It was a good year for music
Maybe it's just me, but 2018 started a bit slow and then exploded out of NOWHERE with incessant events. Music followed that same trend, and 2018 turned out to be a captivating year for all music lovers.
Whether or not the music industry is a bit saturated is an argument for another day, but the amount of music that was released made it impossible to fully digest an album with full gusto without jumping to the next project.
However, there were notable standouts that shined brighter than the rest. Filled with a myriad of greatness, here's a modest list of the top 5 Hip-Hop/Rap albums of the year, ranked #5-#1. This list is solely based on story-telling, overall lyricism, beat selection, overall message and the longevity of the record. Find them on Apple Music and see if you agree.
5. Vince Staples – FM!
This album allows you to relish in all things West Coast. From the opening track, you get a sneak peek of what life can genuinely entail in Long Beach, CA. Vince walks a fine line between gritty lyrics with mainstream friendly beats that can easily be found in the club. He quickly jumps in and out from being playful to having a braggadocious temperament.
The skits and interludes interpolated within the album makes for a smooth transition throughout the record and manages to make this body of work truly whole. With collaborations with the likes of E-40, Kehlani, Ty Dolla Sign, Kamaiyah and Tyga, this album is packed with gems and is worthy of being repeated well into 2019 and beyond. Like Vince said, "My work speak for itself" and I'm inclined to agree!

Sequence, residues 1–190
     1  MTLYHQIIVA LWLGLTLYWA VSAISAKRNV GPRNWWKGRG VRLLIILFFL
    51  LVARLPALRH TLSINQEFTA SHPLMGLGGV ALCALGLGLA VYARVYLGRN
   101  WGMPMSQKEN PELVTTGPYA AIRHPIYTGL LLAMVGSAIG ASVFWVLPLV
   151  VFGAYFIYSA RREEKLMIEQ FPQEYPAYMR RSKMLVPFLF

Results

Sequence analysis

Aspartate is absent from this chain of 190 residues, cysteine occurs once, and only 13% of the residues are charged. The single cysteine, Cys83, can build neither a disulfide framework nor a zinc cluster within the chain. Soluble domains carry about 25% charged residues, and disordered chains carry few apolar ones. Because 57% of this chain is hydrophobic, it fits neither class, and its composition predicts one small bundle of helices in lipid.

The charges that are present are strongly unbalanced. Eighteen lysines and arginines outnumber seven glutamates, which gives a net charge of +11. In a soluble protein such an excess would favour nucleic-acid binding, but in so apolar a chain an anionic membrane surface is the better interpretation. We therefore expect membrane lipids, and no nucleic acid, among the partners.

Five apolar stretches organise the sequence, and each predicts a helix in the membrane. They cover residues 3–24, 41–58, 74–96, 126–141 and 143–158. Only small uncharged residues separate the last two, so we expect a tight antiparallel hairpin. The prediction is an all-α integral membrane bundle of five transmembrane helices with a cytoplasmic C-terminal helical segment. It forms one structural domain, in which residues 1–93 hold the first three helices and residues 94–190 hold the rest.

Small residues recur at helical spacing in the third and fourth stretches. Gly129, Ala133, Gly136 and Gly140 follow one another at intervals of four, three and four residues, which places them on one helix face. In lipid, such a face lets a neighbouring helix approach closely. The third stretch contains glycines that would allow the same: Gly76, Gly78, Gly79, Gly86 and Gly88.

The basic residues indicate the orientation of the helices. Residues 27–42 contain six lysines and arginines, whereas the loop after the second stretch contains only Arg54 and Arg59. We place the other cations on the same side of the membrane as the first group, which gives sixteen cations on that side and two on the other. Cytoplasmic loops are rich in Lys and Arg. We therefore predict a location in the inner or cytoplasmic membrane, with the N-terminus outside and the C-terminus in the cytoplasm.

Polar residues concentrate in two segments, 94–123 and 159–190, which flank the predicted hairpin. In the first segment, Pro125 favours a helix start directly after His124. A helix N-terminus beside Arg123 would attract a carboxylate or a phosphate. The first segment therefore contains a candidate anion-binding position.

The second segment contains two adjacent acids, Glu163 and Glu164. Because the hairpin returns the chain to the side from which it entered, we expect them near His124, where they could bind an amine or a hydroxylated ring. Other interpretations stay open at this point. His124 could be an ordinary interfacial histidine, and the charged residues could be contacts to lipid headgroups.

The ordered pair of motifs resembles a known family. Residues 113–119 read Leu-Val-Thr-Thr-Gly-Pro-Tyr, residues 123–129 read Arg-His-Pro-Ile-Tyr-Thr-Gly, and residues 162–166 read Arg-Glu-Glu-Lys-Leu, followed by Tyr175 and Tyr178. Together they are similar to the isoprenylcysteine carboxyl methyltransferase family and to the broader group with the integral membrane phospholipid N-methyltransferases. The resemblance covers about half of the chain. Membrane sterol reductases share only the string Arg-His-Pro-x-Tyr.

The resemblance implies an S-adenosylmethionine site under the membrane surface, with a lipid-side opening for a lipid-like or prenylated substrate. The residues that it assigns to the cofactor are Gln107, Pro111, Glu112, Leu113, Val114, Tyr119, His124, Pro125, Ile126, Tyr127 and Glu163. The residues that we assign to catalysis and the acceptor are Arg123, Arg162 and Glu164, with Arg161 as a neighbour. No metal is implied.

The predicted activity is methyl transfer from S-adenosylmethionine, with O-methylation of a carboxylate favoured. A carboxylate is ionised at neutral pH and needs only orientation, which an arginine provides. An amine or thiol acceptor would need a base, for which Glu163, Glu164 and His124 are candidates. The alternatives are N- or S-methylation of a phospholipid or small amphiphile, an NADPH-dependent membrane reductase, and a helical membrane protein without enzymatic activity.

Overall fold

Highlights: "Run the Bands", "FUN!" and "Tweakin'"
4. Travis Scott - Astroworld
This project is a one-in-a-million album that aged magnificently. On first listen, it was evident that this was a solid piece of work, but as the replays became weekly to daily, it was solidified as something extraordinary.
The sheer success of this album cannot be understated and not without good reason. From "Stargazing," you're immediately sent to a dreamy state, and with that, you're taken for a ride. The sudden beat drops within a song were a pleasant surprise but can be worrisome for the impatient listener if you only liked the first or second section of a particular song. Nonetheless, this was arguably the best body of work from Travis Scott, and it can be said that this time frame may be the golden era for him.